Development Software

File Access Bug in LAMP Virtual Machine

Using a VM as a web development test server is a great way to optimize workstation resources. My test VM is an Ubuntu installation with a standard Apache/MySQL/PHP stack. I use VirtualBox shared folders to grant the VM access to my development directory.

For some time I have been wrestling with an irritating bug that crops up when using shared folders with Apache: when a new file is created, and sometimes when existing files are modified, Apache fails to recognize the change. Any attempt to access the file via HTTP will result in a 404 error. Some searching led me to this VirtualBox bug report and the solution.

By default, Apache leverages the kernel’s *sendfile* mechanism to deliver resources to HTTP clients in order to optimize performance. But when a small file on a network share is altered, sometimes sendfile doesn’t bother to check its length or contents. Most of the time this is not an issue for production servers, which rarely use network storage and which don’t experience the frequent file changes of a development server. But in this case the default behavior needs to be changed.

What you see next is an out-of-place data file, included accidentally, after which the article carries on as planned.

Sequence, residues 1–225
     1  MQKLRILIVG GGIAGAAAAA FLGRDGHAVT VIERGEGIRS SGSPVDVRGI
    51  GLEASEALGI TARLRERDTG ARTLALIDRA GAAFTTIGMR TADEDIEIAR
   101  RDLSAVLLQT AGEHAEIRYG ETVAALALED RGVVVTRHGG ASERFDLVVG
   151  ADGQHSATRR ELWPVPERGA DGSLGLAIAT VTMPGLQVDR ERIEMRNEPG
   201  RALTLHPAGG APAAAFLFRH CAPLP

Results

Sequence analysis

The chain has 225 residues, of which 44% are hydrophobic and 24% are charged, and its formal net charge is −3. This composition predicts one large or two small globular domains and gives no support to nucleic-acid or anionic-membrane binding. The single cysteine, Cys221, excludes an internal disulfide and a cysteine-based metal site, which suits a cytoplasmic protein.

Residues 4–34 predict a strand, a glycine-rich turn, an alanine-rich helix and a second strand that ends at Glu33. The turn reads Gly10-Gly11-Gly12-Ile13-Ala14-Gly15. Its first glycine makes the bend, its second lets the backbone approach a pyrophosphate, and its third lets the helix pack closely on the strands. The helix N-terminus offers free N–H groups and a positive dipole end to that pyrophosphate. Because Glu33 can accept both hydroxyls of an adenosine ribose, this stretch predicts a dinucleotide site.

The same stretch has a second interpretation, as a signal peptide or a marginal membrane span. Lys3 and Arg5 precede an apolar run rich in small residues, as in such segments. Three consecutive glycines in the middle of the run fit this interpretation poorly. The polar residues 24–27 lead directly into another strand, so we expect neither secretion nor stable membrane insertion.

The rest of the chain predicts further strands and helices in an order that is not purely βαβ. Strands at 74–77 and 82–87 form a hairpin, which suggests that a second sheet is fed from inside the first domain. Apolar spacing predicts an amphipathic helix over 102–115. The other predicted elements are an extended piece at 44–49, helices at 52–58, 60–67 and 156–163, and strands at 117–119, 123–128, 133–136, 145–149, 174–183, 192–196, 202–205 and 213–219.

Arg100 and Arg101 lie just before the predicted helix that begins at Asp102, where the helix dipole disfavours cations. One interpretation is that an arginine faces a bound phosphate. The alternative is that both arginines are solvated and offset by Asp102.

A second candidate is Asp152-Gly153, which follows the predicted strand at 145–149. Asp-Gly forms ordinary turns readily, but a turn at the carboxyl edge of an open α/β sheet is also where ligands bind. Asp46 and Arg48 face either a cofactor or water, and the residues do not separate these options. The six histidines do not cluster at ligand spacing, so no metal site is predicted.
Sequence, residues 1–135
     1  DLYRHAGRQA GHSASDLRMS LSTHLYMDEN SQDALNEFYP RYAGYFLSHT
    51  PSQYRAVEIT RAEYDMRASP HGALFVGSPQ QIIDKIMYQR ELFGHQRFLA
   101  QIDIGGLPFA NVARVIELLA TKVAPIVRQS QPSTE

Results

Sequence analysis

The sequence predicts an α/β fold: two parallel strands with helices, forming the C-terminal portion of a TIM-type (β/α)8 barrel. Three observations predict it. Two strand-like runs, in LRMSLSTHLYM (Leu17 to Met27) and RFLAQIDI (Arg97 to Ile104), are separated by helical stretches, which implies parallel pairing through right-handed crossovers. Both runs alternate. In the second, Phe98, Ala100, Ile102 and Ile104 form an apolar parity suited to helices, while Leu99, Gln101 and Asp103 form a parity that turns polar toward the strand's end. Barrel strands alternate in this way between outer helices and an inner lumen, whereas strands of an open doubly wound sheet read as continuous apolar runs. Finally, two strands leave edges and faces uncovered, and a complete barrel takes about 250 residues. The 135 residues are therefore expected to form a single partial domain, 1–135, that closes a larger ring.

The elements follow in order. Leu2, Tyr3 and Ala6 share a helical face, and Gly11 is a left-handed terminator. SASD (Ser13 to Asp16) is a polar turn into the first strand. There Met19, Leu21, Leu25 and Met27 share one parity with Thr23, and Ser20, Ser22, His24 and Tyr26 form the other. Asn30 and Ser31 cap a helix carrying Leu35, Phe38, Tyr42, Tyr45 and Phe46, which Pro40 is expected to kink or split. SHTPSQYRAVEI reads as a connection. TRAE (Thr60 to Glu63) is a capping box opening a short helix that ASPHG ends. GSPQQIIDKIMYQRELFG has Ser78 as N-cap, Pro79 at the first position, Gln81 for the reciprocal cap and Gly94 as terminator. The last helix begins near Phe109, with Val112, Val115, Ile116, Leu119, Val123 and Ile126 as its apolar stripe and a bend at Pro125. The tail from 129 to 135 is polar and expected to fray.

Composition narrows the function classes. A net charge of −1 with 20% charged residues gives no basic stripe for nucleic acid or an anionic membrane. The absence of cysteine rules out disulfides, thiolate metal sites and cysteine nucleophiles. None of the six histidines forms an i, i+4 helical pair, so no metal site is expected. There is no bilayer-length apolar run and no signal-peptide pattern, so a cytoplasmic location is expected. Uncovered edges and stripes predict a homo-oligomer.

To turn off sendfile in apache, add the following line to the Apache server configuration (i.e. **/etc/apache2.conf**):

EnableSendfile Off

Restart Apache to apply the new configuration.

###Related Links
* [vboxsf and small files](
* [Apache EnableSendfile Directive](


Apache and SSL – The Easy Way

It’s no secret–SSL is confusing. Creating and signing certificates is a convoluted process, especially from the command line. Fortunately, Debian-based systems have an easy way for Apache users to create, sign, and install their own SSL certs. This tutorial assumes that Apache is already installed with the default configuration.

### Configure SSL ###

Step one is to configure Apache to enable `mod_ssl`:

# a2enmod ssl
Enabling module ssl.
See /usr/share/doc/apache2.2-common/README.Debian.gz on how to configure SSL and create self-signed certificates.